The University of Maine student newspaper since 1875
Sunday, April 19, 11:08 p.m.

LA Angels in Wild Card race because of one big fish

In the midst of one of the most thrilling Major League Baseball playoff races in recent memory, one player has shined brighter than the rest. Hopefully the addition of a second wild card spot has will allow his performance to continue into October.

His name is Mike Trout. Although Trout wasn’t on the Los Angeles Angels’ opening day roster, his presence has jump-started what was once an underachieving Angels team. With about one month to go in the regular season, the Angels looked to their rookie sensation to lead them to a playoff birth.

Entering the 2012 MLB season, the Angels were considered favorites to win one of the wild-card playoff spots. Because they share the American League West with two-time defending AL champion Texas Rangers, the chances to win the division were slim, but it was a busy offseason for the Angels. After signing two superstars this winter, first baseman Albert Pujols and pitcher C.J. Wilson, expectations were high. With veteran outfielders on the roster, the team decided to start the regular season without Trout, a former 25th overall draft pick.

After starting the season with a 6-14 record, the Angels decided to call up Mike Trout, only 20 years old and rated the third best prospect by “Baseball America.” Currently, the Angels are a few games out of a wild-card spot, and it’s all a result of Trout’s tremendous season.

At the time of his promotion to the major leagues, when the Angels were at their worst, Trout was batting over .400 with an OPS above 1.000 with the AAA Salt Lake Bees. Even though he accumulated those stats over a limited stretch, that doesn’t make it any less phenomenal. Although he appeared in 40 games last season at the major league level, Trout couldn’t secure a starting job until the release of 17-year veteran Bobby Abreu in late April.

What’s amazing about Trout’s season is that he not only turned around a failing Angel’s team, but he now leads in the American League Most Valuable Player race. Trout has totaled over 100 runs scored, 25 home runs and 40 steals on the season. His biggest competition for MVP is Detroit’s power-hitting third baseman, Miguel Cabrera.

Once Trout was called up, he immediately became the spark the Angels needed at the top of their lineup. As a true five-tool player, Trout brings power, ability to hit for average, blazing speed, a cannon for an arm and excellent fielding skills. His ability to get on base as the leadoff batter and use his speed to get into scoring position on the base paths was exactly what the Angels needed to turn around their season.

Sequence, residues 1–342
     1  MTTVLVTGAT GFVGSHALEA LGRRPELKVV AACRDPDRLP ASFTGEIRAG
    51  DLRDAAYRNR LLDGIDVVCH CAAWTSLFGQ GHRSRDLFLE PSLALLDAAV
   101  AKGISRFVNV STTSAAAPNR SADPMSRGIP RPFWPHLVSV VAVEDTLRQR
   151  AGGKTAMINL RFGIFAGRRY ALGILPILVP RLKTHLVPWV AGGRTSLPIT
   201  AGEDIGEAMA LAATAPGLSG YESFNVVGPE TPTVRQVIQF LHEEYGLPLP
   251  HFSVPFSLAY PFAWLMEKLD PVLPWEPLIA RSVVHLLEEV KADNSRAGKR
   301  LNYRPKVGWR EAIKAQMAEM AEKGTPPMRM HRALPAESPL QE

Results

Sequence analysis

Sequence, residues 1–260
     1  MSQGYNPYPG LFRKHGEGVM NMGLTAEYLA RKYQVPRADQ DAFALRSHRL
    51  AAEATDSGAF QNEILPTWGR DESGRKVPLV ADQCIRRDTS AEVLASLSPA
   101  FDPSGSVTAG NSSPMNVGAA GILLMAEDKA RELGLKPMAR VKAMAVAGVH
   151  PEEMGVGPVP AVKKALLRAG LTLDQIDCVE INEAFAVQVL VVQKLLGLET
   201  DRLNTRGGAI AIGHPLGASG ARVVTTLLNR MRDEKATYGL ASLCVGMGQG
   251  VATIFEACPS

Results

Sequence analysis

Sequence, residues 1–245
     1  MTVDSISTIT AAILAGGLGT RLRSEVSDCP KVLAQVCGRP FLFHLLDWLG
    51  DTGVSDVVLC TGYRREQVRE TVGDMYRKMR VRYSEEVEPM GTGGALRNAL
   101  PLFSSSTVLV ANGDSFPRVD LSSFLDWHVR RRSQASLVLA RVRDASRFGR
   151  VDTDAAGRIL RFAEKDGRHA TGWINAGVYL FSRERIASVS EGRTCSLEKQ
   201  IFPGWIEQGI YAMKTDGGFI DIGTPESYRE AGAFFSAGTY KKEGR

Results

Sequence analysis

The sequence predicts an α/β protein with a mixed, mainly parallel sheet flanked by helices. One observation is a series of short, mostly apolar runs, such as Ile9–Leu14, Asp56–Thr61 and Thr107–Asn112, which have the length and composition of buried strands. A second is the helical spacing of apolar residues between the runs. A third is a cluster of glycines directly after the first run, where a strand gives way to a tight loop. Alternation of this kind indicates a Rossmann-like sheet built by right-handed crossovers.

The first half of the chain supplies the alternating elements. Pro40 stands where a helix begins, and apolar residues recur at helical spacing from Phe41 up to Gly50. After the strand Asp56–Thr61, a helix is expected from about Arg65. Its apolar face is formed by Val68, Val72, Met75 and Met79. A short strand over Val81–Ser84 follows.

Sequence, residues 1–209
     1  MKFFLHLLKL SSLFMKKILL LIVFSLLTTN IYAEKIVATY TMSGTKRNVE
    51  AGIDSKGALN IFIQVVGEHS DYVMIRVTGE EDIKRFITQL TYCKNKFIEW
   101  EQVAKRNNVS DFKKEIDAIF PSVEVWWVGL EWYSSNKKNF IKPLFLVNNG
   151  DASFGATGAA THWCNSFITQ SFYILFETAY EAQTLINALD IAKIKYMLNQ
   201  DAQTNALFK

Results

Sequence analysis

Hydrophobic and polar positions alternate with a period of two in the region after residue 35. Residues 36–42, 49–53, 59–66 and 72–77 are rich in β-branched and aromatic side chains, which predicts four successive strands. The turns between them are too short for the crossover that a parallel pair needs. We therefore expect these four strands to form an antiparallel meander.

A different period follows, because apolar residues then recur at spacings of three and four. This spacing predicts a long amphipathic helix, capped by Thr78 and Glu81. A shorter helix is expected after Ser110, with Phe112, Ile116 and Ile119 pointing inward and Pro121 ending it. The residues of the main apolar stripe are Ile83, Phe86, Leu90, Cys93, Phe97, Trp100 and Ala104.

Mike Trout isn’t the only young outfielder succeeding in the majors this year. 19 year old Bryce Harper of the Washington Nationals has had a comparable season. Both rookies were elected to their respective league’s All-Star team. They are also both starting center fielders for contending teams. What’s interesting is that Harper was a more highly touted prospect than Trout, but it’s Trout who’s having the more spectacular season.

Trout should be the unanimous choice to win AL Rookie of the Year. In baseball’s illustrious history, only two players have ever won both Rookie of the Year and MVP in the same season. Both Fred Lynn, in 1975, and Ichiro Suzuki, in 2001, accomplished this feat. Both players went on to have celebrated careers. Suzuki is still in the league, playing with the New York Yankees.

One way Trout’s season could be even more memorable is if his team makes the playoffs. Only a few games back, the Angels will need contributions from other players aside from Trout. Recently, their pitching staff has been in decline, and their starting rotation in particular has fallen apart. But even without a playoff birth, Los Angeles fans couldn’t be happier with Trout’s performance. His addition may have saved the Angels from a disaster season similar to the Boston Red Sox or Miami Marlins.

This unbelievable season from Trout will raise his expectations for the future. Some will compare Trout to Hall of Famers of the past, but it’s too early for such speculation.

With the season ending soon, the Angels will try to make a push for one of the last playoff spots. In third place in their own division, it’s likely the playoffs will be without the AL MVP favorite.

Even though their chances at the playoffs are slim, the Angels wouldn’t be where they are today without Trout. As a team filled with talented players, it’s hard to imagine the Angels on the outside looking in. If pitchers Jered Weaver, Dan Haren, C.J. Wilson and Zack Grienke can pitch to their potential, the Angels could be a World Series contender. But even if they’re not playing in October, the Angels future looks bright. At only 21-years old, Mike Trout has already become the leader of his team as well as one of the most exciting players in baseball.